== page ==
If you look at just about any leaf, you'll notice the end is slightly pointed. Why would a leaf need a pointy end? It's called a drip edge, and it helps a leaf funnel water from rain away from the stems. If water sits too long on top of a leaf, it will oversaturate it and cause it to start rotting. If a leaf rots, it is no good to the tree, and it dies. In this way, the pointy end gives a leaf its own drainage system.
3. Why Are Leaves So Flat?
Leaves exist to feed the trees and help them store up food for the long winter. If the leaves were thick, wouldn't they be able to make more food? While that logic may make sense, it doesn't quite work that way. The number one element a leaf needs to produce food is sunlight. Only by absorbing light is photosynthesis able to create food. If a leaf were to be much thicker, it would not be able to soak in the proper amount of sunlight. Being flat allows it to produce the most area to absorb the most sunlight, and its thin form enables the sun to penetrate and get to the tiny cells where the magic of photosynthesis happens. Its size and shape help a leaf to be more productive and make more food, not less.
4. What Are Leaves To A Tree?
As the primary food source for the tree, leaves are a living, breathing and processing organ. They are considered a tree organ. It would be like you wearing your digestive system on the outside of your body. The leaf is not only the mouth for the food, but it is what changes it into the energy and nutrition the tree needs. How's that for wearing your heart, or rather your stomach, on your sleeve?
5. Does A Cactus Have Leaves?
If you've ever been to the desert or perused the succulent section of your local garden store, it does not appear that a cactus has leaves. Instead, a cactus has sharp and pointy stickers that protrude out keeping it protected from just about anything that tries to breach it. Only certain birds call a cactus home, and that's because they are keen enough to know where to stand. However, a cactus does have leaves.
For a short period of time in the spring (yes, the desert does have a spring) small leaves appear around the cactus. They don't coat it, and they don't hang around for long, but they're there. Scientists believe that cactus needles or spines are leaves that have been modified for better photosynthesis processing in the desert climate. The spines are also much stronger and can tolerate the extremely dry environment much better than a regular leaf. If a leaf were exposed to the desert climate for too long, it would dry up and die. The stem of the cactus is like the trunk of a tree, and the spines are the leaves.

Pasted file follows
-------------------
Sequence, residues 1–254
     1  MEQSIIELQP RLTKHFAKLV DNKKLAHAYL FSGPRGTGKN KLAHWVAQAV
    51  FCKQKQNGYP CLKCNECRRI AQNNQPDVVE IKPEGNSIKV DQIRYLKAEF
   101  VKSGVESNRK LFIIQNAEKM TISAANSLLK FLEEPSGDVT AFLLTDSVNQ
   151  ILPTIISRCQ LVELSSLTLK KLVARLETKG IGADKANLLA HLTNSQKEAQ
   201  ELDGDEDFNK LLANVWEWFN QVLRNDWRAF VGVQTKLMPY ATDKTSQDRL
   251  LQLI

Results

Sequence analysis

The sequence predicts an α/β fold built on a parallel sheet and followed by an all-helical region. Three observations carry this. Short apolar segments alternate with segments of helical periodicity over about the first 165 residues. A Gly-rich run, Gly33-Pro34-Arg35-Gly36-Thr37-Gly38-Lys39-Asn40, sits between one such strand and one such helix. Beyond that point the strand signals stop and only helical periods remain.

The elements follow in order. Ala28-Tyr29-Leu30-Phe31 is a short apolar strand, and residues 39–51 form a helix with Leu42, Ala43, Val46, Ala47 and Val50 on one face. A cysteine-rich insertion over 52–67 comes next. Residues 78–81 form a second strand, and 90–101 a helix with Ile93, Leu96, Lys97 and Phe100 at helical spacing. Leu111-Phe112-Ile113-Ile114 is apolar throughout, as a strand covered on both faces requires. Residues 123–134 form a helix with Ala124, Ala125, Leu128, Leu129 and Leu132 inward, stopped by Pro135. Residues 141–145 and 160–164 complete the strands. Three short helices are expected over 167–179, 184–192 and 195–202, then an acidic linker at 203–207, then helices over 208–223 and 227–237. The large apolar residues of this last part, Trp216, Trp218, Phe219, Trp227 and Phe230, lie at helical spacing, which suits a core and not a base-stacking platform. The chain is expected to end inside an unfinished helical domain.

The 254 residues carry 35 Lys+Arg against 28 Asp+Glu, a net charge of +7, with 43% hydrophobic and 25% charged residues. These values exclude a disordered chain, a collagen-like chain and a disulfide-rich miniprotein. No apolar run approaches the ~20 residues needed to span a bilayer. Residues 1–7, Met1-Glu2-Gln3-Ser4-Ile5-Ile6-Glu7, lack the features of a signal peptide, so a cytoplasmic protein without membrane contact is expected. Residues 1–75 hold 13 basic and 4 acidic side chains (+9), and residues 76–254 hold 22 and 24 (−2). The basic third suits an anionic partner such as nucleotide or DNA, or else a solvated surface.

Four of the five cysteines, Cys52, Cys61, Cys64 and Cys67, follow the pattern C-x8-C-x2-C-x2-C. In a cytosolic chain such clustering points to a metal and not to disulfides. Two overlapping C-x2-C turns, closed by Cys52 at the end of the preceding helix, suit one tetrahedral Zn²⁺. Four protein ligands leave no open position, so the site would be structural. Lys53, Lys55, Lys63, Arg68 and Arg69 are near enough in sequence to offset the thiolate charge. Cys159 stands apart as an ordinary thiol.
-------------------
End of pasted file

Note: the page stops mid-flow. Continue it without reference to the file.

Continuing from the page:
6. Are There Certain Conditions That Create Better Fall Foliage Colors?
If you live in a state where the change of season begets beautiful leaf colors, you have probably experienced times when that wasn't always the case. If the summer has been unusually dry or the end of summer has been unusually cold, the colors in the leaves will not change as drastically nor will they stay around for long. A dry summer doesn't allow for as much food production for the tree, so the leaves will die and drop off more quickly without going through the full color change process. If the summer conditions were right, the leaves will change into the beautiful hues you're accustomed to.
7. What Benefits Do Leaves Provide Humans?
Can you remember your elementary school science class for the answer to this one? Aside from light, all living things need gas in order to live. The type of gas varies. Humans need oxygen while trees need carbon dioxide. When both humans and leaves use their respective gases, there is a metamorphosis that occurs transforming this gas from one type to another. After leaves take carbon dioxide in, they put out oxygen. Humans breathe in oxygen but expel carbon dioxide. Therefore, both humans and trees provide the gas the other needs to live.
Color Change Conclusions
Fall is a welcomed season ushering back cool weather at the end of what usually is a long and hot summer. Kids are returning to school and families are gearing up for the festive holidays that lie ahead. Why do leaves change color? Now you have the answer to that question and some other leafy facts. So, sit back and count down the days until you can enjoy the fall foliage with a tasty pumpkin spice latte.